An Exceptional Fleet of Ferraris to Lead Gooding & Company’s Scottsdale Auctions

Ferrari Fans will soon get their fill at the annual Gooding & Company Scottsdale Auctions, held January 29 and 30. Among the automotive artistry available this year are cars from the collection of Tony Shooshani, an esteemed devotee of the Italian marque. Prominent examples from his Prancing Horse pantheon will be for sale, including a 1990 Ferrari F40, a 1995 Ferrari F50, and a 2003 Ferrari Enzo—each model a memorable milestone for the brand.

With a title that paid tribute to Ferrari’s 40th anniversary, the F40 is a Kevlar and carbon-fiber composite capable of cruising over 200 mph and accelerating from zero to 62 mph in 3.8 seconds (thanks to a 478 hp, twin-turbocharged V-8 engine)—making it the fastest commercial Ferrari of its day. The chassis on offer (No. 86554) is one of only 213 examples delivered to the United States. Next to new, the car (estimated to fetch $1.3 million to $1.6 million) has only been driven 3,600 miles in the last 25 years.

A poster child for the Prancing Horse, chassis No. 99999 was the first Ferrari F50 to appear in public (debuting at the Geneva Motor Show in 1995) and was the car used to create much of the marketing for the model. A re-envisioned version of the 1990 Ferrari 641 Formula 1 racer, the hyper-quick convertible (with a removable hard-top roof) features a 225-pound chassis fashioned from Cytec aerospace carbon fiber. And its rocket-like power comes from a 513 hp V-12 engine that generates 347 ft lbs of torque. Driven a meager 1,100 miles, the comely car—one of just 349 F50s fabricated—is once again ready for its close-up. The car carries a presale estimate between $2.5 million and $2.9 million.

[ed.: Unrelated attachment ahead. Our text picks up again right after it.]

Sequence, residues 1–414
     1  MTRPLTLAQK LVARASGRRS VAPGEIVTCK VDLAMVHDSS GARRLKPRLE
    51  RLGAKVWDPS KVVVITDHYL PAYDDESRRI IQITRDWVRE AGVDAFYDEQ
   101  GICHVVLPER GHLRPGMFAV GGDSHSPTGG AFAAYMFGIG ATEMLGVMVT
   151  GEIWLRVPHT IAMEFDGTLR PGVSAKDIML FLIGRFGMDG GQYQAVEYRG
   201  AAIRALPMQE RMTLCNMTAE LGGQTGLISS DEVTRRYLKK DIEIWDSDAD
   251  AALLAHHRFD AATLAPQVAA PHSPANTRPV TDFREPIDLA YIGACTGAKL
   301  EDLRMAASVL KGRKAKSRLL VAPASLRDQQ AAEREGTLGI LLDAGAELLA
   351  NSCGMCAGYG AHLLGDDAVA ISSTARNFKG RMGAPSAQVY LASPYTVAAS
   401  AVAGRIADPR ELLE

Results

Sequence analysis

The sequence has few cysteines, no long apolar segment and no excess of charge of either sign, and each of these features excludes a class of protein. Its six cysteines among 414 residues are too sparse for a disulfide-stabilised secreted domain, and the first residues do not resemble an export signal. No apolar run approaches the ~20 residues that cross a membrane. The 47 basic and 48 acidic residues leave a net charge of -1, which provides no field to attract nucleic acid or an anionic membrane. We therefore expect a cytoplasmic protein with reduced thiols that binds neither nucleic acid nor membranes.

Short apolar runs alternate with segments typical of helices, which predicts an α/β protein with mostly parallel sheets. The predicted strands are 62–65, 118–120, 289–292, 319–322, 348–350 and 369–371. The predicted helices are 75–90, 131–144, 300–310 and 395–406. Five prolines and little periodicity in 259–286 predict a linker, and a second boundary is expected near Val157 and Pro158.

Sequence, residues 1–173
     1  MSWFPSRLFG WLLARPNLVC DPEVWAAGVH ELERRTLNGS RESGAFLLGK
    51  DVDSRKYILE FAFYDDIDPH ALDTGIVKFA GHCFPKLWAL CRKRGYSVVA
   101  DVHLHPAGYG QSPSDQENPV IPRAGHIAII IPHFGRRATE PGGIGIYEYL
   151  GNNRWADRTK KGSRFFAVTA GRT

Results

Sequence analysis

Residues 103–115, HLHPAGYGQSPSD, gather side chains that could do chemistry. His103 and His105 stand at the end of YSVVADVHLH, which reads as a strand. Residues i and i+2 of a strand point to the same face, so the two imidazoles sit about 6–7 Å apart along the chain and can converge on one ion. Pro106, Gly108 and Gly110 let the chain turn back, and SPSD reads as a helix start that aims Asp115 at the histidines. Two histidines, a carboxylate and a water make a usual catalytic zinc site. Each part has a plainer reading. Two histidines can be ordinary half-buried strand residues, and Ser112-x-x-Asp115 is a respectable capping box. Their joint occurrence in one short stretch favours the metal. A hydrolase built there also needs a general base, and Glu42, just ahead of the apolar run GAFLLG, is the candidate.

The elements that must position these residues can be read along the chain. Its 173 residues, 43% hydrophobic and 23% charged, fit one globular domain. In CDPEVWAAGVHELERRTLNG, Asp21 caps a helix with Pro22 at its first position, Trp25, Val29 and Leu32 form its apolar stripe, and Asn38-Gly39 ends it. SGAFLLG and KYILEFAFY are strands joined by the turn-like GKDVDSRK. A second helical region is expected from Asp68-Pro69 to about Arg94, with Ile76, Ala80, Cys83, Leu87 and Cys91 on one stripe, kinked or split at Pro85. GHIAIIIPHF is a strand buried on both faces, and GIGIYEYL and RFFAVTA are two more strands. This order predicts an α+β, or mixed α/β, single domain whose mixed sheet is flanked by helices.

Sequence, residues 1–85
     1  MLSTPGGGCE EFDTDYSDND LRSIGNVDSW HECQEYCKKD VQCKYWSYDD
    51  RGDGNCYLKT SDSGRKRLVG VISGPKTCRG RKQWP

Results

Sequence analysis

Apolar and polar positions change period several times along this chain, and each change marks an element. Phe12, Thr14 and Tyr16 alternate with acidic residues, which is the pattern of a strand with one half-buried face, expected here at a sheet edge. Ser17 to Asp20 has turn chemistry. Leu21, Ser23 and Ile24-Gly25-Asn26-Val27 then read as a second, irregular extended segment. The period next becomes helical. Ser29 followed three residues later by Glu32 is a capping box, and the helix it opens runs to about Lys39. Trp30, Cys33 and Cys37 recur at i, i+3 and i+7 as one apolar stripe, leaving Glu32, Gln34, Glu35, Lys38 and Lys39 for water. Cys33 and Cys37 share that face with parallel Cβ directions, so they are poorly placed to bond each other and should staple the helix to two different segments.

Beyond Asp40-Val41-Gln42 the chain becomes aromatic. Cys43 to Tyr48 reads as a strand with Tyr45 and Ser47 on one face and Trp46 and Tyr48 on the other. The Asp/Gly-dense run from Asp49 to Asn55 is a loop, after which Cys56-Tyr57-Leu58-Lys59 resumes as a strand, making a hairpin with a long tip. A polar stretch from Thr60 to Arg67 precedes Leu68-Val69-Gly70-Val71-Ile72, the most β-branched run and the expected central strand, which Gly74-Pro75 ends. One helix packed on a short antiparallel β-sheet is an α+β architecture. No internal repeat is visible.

Pioneering and powerful like Ferrari’s founder, the eponymous Enzo is an enigmatic masterpiece that reflects facets of Formula 1 but remains free from its restrictions. Designed by Ken Okuyama (the former head designer for Pininfarina), the car’s carbon-fiber coachwork, electrohydraulic shift transmission, and ceramic disc brakes are borrowed directly from its racing brethren, but its traction control (to heighten handling) and a computer-controlled rear wing (for automated aerodynamics) break the mold. Powered by a 660 hp V-12 engine, the beautiful brute can blast from zero to 60 mph in 3.14 seconds and reach a top speed of 221 mph. Introduced in 2002, only 400 Enzos were produced. Available at auction with a presale estimate of between $2.4 million and $2.8 million, chassis No. 30132049 bears the signature of Okuyama and carries only 2,600 miles.

Also part of Shooshani’s selection for Gooding & Company will be a 1960 Ferrari 250 GT Series II Cabriolet ($2 million to $2.3 million), a 1964 Ferrari 250 GT Lusso ($2.2 million to $2.5 million), a 1969 Ferrari Dino 206 GT ($700,000 to $800,000), a 1988 Ferrari 328 GTS ($125,000 to $150,000), and a 1984 Ferrari 512 Berlinetta Boxer ($400,000 to $475,000)—the latter once owned by racing hall-of-famer A.J. Foyt. Bidding will be accepted in person, by phone, or online. (goodingco.com)

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